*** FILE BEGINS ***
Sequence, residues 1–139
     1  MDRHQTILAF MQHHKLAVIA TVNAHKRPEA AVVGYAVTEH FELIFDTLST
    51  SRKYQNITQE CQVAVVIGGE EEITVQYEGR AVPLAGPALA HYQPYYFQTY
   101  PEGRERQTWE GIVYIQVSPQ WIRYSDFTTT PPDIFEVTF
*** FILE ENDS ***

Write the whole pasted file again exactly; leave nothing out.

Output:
Sequence, residues 1–139
     1  MDRHQTILAF MQHHKLAVIA TVNAHKRPEA AVVGYAVTEH FELIFDTLST
    51  SRKYQNITQE CQVAVVIGGE EEITVQYEGR AVPLAGPALA HYQPYYFQTY
   101  PEGRERQTWE GIVYIQVSPQ WIRYSDFTTT PPDIFEVTF